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Published: Friday, 8/13/2004

Toledo father of injured 6-year-old girl works magic on her spirits

BY GEORGE J. TANBER
BLADE STAFF WRITER

For the Portala family of West Toledo, magic is a way of life.

Good thing.

Yesterday at Toledo Children's Hospital, family patriarch and chief magician Andrew Portala - whose stage name is Andrew Martin - hoped to pull some out of the black top hat perched upon his head.

His 6-year-old daughter, Emma, was recovering from a second surgery in three days after a Sunday boating accident in Lenawee County.

The injury was serious enough to threaten her right leg's future.

Three doors down from where Emma lay recuperating, Mr. Portala was scheduled at 2 p.m. to perform on a live Internet video conference feed to more than 100 children's hospitals around the country and in Canada.

The irony of the situation was not lost on Mr. Portala, a weekly visitor to Toledo Children's Hospital, where his magic boosts the spirits of the unit's adolescent patients.

"This is completely different; it's kind of weird," he said. "It never crossed my mind that one day it would be my daughter."

It was an hour before show time, and the family gathered in Emma's room.

She had a good lunch, and was showing some signs of her old self.

A photographer lurked nearby and Emma had informed her mother, Melissa Portala, that she would have none of it. To underscore her point, she covered her face with a large stuffed animal given to her by her grandfather, Kenneth Mickel.

Her brother, 8-year-old Eli Portala, one of the country's best young magicians and sporting a top hat identical to his father's, tried to loosen her up, but to no avail.

"She's a strong-willed girl," her mother said.

She also has a calm demeanor, which Mrs. Portala believes helped Emma get through the incident Sunday.

The family had just attended a week-long magic convention in Colon, Mich., where Mr. Portala and Eli performed, and Emma served as her brother's assistant.

On their way home, Emma and her 7-year-old cousin, Gabriella Mickel, also a magician, joined their grandmother, Toledo lawyer Marilyn Mickel, for a weekend at Ms. Mickel's home at Cub Lake.

Ms. Mickel and Gabriella were pulling an inner tube carrying Emma with Ms. Mickel's pontoon boat. As the boat neared the shore, Ms. Mickel says she shifted the boat into neutral but, unknown to her, the boat moved toward Emma.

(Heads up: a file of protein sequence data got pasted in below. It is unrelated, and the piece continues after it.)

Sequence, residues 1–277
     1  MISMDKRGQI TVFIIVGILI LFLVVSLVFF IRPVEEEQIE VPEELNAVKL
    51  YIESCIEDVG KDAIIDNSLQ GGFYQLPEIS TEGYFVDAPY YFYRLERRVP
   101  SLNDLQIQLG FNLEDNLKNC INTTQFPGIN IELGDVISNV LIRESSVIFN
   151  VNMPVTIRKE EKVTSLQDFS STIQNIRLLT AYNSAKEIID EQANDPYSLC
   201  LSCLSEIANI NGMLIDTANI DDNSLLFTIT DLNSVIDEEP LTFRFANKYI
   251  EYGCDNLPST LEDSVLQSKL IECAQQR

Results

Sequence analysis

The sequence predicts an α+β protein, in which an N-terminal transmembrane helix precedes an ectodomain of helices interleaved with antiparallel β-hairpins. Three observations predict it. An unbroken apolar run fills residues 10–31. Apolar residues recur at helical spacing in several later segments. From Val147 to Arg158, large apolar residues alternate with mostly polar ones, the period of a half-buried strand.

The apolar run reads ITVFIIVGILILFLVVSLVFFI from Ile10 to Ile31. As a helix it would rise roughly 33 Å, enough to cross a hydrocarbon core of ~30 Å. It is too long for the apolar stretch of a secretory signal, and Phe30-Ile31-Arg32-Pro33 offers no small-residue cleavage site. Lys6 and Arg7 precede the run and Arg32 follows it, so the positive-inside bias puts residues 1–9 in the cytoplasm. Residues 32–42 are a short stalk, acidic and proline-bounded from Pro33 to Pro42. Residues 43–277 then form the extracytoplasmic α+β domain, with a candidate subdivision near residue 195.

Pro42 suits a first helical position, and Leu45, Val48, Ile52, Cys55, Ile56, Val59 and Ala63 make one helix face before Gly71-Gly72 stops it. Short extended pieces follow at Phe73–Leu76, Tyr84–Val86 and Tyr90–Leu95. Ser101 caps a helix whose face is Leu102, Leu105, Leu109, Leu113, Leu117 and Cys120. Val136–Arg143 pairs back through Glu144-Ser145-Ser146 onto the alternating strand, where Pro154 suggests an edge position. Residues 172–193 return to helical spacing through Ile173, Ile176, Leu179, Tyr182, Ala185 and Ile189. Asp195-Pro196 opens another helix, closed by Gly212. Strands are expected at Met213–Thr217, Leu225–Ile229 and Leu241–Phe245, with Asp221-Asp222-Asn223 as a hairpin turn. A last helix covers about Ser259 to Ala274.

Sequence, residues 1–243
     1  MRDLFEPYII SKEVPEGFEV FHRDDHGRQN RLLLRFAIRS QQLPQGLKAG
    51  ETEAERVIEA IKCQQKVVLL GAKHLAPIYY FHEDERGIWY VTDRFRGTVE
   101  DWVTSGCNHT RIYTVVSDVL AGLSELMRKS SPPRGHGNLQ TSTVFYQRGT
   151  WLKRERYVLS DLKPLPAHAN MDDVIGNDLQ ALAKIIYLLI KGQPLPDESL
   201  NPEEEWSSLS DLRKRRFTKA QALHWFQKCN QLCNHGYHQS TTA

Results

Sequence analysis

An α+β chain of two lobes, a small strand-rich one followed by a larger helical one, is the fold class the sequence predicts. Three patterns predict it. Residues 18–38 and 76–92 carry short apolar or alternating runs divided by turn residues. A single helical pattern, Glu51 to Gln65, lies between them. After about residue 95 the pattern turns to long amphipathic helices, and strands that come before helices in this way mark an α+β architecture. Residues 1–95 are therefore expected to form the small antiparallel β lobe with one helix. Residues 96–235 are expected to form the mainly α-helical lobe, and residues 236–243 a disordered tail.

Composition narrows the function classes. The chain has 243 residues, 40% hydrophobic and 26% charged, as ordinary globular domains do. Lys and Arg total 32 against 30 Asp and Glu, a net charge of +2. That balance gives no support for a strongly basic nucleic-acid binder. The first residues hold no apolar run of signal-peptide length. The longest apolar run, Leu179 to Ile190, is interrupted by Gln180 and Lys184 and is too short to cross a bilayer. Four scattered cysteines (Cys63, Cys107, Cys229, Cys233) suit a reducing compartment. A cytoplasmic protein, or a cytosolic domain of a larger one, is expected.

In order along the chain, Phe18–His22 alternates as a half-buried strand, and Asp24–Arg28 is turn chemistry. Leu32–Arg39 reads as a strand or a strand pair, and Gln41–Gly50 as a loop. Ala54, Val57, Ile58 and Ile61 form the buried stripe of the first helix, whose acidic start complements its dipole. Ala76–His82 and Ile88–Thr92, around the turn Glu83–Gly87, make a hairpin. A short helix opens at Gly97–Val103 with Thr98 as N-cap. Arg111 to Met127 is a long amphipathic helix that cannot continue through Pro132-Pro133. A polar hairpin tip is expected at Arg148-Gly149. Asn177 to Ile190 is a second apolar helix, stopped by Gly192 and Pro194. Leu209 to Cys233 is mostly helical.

The propeller, still in gear, struck the girl's right leg, cutting it to the bone in six places between her knee and ankle.

Emma shouted out and her horrified grandmother looked down to see the inner tube filled with blood.

"I thought 'What have I done?' " Ms. Mickel said.

Shouts to shore went unanswered so Gabriella sounded the boat's emergency horn. Trooper Andrew McNew of the Michigan State Police, handling a nearby property dispute, heard the blast, and wearing a bullet-proof vest and wool pants, jumped into the water and swam to the pontoon boat.

Aided by onlookers, Trooper McNew guided the boat to shore.

Mrs. Portala had driven up from Toledo and was nearing the lake when the ambulance that had been called to retrieve Emma passed her by.

"I briefly had a sinking feeling," she said.

The feeling turned to heartbreak when she saw her daughter lying on the ground. She wasn't moving. Then, Emma heard her mother's voice and perked up.

"Mama, it's my leg," she said, four of the best words Mrs. Portala ever heard.

Gripping a teddy bear given to her by Trooper McNew, Emma was taken to Hillsdale Community Health Center, where doctors opened the leg to cleanse the wounds.

That night, her leg in a cast, Emma returned home with her mother. But the pain was so great she refused to leave the car, where mother and daughter ended up spending the night.

After a traumatic Monday, during which the condition of her leg deteriorated, Emma was admitted to the hospital Tuesday morning. Concerned that infection may have set in, Dr. Richard Munk, a pediatric orthopedic surgeon, operated on Emma's leg Wednesday night. He found fluid, but no infection.

"We were extremely relieved," said her mother. "I was worried she was going to lose her leg."

Mandy O'Brien, a nurse caring for Emma, said it takes six to eight weeks before such injuries are no longer considered a threat to infection.

Emma's mood brightened yesterday when her aunt, Linda Hopkins, turned up.

"I'm the family clown," Ms. Hopkins said as she examined Emma's many get-well gifts.

Soon after, Emma, a first grader at Grove Patterson Academy, consented to several photographs with her father and brother.

Mr. Portala finally turned his attention to the show he was about to deliver through the hospital's Child Life Program - a performance he considered canceling until his daughter's condition improved. Asked whether he might warm up with a few tricks for Emma, Mr. Portala said, "I think she knows them all. When my kids go to my show, they fall asleep."

Nearby, Ms. Mickel talked about Sunday's incident, saying she can't yet erase the guilt she holds.

But her daughter firmly dismissed any blame for what happened.

"It was an accident. The boat malfunctioned," she said.

Contact George J. Tanber at:

gtanber@theblade.com

or 734-241-3610.



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